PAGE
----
By James Ward
» More Columns
When Bryce Harper was born on October 16th, 1992, Andy Pettitte had just finished an impressive season for the Greensboro Hornets, the Yankees class A affiliate in ’92. A few of Pettitte’s teammates were Derek Jeter, Jorge Posada and Shane Spencer. Another indication of the age difference between the two; Pettitte’s oldest son is only two years younger than Harper.
Saturday afternoon, Pettitte and the Yanks squared off against Harper and the Nats, and Pettitte made sure it was an afternoon Harper wouldn’t forget. Pettitte struck out the 19-year old in each of his first three trips to the plate and got him to line out to center field in the 7th in his fourth at bat. All three strikeouts were swinging on the same pitch, a low cutter, and Harper looked more frustrated with each swing and miss.
Harper finished the game 0-for-7 with five strikeouts, three against Pettitte and one against Clay Rapada and Freddy Garcia. The 14-inning marathon was Harper’s worst game as a pro, and possibly the worst game of his baseball life since the phenom has only known success.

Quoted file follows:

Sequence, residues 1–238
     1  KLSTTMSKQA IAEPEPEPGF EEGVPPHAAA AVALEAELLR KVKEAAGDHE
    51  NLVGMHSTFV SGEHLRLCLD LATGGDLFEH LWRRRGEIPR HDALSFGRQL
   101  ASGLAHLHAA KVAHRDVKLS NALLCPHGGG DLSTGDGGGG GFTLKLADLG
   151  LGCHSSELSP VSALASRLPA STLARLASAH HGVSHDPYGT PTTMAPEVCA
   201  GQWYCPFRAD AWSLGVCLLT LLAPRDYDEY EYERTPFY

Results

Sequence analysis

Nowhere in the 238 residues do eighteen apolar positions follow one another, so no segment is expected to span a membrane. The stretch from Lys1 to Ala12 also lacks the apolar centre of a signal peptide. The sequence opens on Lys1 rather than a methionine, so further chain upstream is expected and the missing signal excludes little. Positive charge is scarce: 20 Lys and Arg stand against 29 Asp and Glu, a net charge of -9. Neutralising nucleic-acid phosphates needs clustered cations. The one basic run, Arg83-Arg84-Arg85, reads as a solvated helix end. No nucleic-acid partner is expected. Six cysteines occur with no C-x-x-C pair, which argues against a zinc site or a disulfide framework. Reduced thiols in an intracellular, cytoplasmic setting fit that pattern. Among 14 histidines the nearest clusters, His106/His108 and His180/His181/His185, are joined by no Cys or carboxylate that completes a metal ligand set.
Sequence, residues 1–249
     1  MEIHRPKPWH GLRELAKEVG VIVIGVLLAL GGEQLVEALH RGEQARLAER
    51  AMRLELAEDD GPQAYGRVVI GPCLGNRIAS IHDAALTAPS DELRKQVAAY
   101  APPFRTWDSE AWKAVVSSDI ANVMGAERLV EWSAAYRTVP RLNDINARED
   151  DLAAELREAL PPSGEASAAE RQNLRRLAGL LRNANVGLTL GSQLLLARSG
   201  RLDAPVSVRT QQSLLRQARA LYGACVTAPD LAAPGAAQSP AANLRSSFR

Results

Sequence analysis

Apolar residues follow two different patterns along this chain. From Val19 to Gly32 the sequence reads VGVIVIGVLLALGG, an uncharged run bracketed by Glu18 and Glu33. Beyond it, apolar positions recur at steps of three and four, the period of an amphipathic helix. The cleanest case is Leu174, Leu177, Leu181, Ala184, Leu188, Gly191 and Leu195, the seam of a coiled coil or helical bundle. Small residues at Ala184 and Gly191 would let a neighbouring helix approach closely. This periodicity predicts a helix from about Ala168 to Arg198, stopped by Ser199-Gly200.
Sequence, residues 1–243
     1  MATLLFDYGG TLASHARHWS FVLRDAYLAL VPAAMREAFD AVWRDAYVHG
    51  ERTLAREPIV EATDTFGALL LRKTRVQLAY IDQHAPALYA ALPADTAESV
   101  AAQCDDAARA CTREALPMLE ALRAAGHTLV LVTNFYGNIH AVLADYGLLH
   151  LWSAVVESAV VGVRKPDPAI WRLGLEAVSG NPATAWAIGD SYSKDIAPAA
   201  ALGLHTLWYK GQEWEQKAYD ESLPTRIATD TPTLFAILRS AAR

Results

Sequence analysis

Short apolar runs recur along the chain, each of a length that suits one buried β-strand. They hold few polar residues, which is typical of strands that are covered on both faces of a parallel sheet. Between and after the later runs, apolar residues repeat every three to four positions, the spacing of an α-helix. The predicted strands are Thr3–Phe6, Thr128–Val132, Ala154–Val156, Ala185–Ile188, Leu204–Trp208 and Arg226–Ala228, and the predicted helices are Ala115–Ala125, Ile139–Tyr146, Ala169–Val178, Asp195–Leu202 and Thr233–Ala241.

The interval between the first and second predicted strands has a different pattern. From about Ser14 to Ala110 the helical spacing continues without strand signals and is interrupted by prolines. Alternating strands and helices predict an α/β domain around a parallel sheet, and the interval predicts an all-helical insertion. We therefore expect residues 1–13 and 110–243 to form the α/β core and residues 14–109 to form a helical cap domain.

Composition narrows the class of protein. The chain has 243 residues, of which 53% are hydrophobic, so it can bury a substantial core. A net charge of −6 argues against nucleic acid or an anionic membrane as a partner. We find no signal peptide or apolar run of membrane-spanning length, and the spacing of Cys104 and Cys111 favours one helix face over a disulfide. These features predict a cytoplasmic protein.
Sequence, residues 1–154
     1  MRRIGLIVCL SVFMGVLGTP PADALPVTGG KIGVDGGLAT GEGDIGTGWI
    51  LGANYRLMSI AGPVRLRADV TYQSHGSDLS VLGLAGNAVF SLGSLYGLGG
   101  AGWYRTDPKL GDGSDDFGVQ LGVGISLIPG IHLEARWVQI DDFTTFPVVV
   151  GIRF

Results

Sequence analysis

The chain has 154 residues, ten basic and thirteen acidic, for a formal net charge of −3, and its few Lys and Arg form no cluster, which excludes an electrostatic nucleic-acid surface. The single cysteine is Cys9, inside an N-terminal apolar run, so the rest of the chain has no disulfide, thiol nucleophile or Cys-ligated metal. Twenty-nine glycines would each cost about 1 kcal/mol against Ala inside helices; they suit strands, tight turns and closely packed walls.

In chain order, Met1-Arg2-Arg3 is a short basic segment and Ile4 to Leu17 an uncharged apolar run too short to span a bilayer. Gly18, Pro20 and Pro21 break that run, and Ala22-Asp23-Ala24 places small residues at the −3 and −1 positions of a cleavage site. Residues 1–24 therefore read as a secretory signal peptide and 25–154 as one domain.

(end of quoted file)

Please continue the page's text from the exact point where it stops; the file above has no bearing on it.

When Pettitte announced he was coming back during spring training this year, no one had any idea what he could contribute to the club. Although he was very good in 2010, his last season before retirement, he missed two months of the season with a groin injury.
Even Pettitte is surprised with his performance. With Suzyn Waldman on the WCBS Yankees Pregame Show before Saturday’s game, Pettitte admitted that he didn’t anticipate going this deep in the game right away. He is averaging almost seven innings per start and has pitched into the eighth inning four times.
Pettitte has never been a strikeout pitcher, but this year he is striking out almost a batter an inning. For much of his career, Pettitte has relied heavily on his cutter. Although he still refers to the pitch as a cutter, this season the pitch looks and moves much more like a slider. With a little less velocity, the ball dives like a slider and gives Pettitte more swinging strikes than in previous seasons. He got Harper to swing and miss seven times on the hybrid pitch.
Through seven starts, Pettitte has given the Yankees more than they could have ever expected. If Pettitte stays healthy, there’s no reason why he can’t keep it up. He has always been a ‘bend but not break’ pitcher that survived on guile and guts, but with the way he’s throwing his cutter/slider, he now has a bona fide strikeout pitch.
Will Pettitte continue his winning ways? Leave a comment below.